WomensHistoryReads interview: Elizabeth Loupas

So here's one of the reasons this #WomensHistoryReads series has gone on long past the end of Women's History Month. Through their answers, authors that I know keep introducing me to authors that are new to me! So it is with Elizabeth Loupas, mentioned by Kate Quinn in an earlier Q&Q&Q&A. I reached out to Elizabeth for an interview and was thrilled when she said yes. This way you and I both get to know her better at the same time. Thanks, Elizabeth!

 Elizabeth Loupas

Elizabeth Loupas

Greer: Tell us about a woman (or group of women) from the past who has inspired your writing.

Elizabeth: I was originally inspired to write historical fiction by two sisters, Barbara and Joanna of Austria, daughters of the Holy Roman Emperor Ferdinand I, and granddaughters of Juana of Castile, called “Juana la Loca.” State marriages were arranged for them both—Alfonso II, Duke of Ferrara, for Barbara, and Francesco I de’ Medici, Grand Duke of Tuscany, for Joanna.

How did they feel, setting off on their bridal journeys, never having seen their new cities and knowing they would never go home again? The two dukes had come to Innsbruck to sign the marriage contracts, so at least the sisters weren’t off to marry men they’d never met, but it wasn’t as if they’d had any choice in the matter. What crazy courage it must have taken to be an imperial archduchess in the sixteenth century.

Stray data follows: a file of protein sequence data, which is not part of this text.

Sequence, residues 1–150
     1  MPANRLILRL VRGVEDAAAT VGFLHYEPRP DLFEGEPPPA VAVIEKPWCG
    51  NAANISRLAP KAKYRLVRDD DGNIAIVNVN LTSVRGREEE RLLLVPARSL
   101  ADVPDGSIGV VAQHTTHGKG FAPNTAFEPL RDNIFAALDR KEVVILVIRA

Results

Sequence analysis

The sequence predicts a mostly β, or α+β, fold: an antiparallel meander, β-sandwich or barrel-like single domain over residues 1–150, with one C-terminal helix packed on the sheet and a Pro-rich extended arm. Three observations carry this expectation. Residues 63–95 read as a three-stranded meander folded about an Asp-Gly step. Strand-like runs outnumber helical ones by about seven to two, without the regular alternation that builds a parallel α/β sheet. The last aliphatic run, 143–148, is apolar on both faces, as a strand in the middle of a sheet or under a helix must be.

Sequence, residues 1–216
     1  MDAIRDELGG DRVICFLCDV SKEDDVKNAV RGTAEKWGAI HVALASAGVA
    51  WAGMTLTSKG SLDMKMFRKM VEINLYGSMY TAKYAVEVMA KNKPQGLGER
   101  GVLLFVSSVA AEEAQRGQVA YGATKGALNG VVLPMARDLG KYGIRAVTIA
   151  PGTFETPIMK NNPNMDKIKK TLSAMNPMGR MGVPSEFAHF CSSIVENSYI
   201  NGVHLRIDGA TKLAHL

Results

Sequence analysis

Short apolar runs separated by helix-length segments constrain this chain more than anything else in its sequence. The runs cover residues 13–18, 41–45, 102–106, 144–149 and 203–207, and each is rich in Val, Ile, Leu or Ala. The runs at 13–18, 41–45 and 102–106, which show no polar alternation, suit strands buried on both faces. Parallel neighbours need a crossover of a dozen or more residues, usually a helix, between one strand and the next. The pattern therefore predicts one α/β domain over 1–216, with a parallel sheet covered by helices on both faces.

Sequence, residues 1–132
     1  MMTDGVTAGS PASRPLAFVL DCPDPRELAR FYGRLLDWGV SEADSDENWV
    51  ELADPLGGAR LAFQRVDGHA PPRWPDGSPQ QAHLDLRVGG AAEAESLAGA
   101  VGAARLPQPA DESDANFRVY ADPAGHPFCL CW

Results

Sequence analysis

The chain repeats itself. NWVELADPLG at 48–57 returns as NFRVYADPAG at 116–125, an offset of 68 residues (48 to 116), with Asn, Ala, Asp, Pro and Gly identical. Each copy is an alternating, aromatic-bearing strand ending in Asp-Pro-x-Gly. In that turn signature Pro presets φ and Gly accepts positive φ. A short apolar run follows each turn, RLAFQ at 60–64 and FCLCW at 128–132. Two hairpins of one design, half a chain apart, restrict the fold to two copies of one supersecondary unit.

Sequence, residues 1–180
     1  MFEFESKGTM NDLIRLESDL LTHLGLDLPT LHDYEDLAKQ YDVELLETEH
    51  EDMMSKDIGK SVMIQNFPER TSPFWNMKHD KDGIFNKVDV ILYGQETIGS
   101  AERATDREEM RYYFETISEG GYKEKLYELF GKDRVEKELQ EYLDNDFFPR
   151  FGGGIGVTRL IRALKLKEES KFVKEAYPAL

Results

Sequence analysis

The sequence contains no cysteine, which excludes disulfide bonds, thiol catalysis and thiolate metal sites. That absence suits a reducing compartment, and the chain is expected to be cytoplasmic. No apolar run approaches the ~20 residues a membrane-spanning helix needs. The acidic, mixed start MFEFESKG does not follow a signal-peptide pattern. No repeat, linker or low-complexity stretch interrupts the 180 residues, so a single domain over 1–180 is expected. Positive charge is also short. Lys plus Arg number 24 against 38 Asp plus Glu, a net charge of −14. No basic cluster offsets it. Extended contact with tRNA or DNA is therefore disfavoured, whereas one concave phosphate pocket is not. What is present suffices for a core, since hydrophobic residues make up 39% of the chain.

History records so little about them. Barbara was apparently happy in her marriage but sadly childless. (Through no fault of her own, but that’s another story.) Joanna, in Italy called Giovanna, was miserable but bore eight children, despite her truly horrifying scoliosis. Her tomb was opened and her spine examined as part of the anthropological and paleopathological Medici Project, and looking at the photographs, I can’t imagine how she managed to have one baby, let alone eight.

Giving Barbara and Joanna voices in novels—voices and thoughts and emotions and lives, real lives, however fictionalized—was humbling and endlessly fascinating.

Greer: Wonderful. What’s your next book about and when will we see it?

Elizabeth: My next book is historical magical realism centered on Mary Talbot, the daughter of the fourth Earl of Shrewsbury. Mary is the quintessential “footnote to history” woman, remembered only because she was the unwilling young wife married off to Henry Percy, to separate him from Anne Boleyn.

The astonishing thing, though, about the historical Mary Talbot, is that in the summer of 1532, in the midst of the political and religious firestorm that was Henry VIII’s “Great Matter,” she dared to speak out publicly and ask to have her own marriage annulled. Her grounds? That her husband, now the Earl of Northumberland, had flung at her in the course of a clearly incendiary quarrel that she was not his wife at all, because as a young man he had made a legally-binding contract of marriage with Anne Boleyn.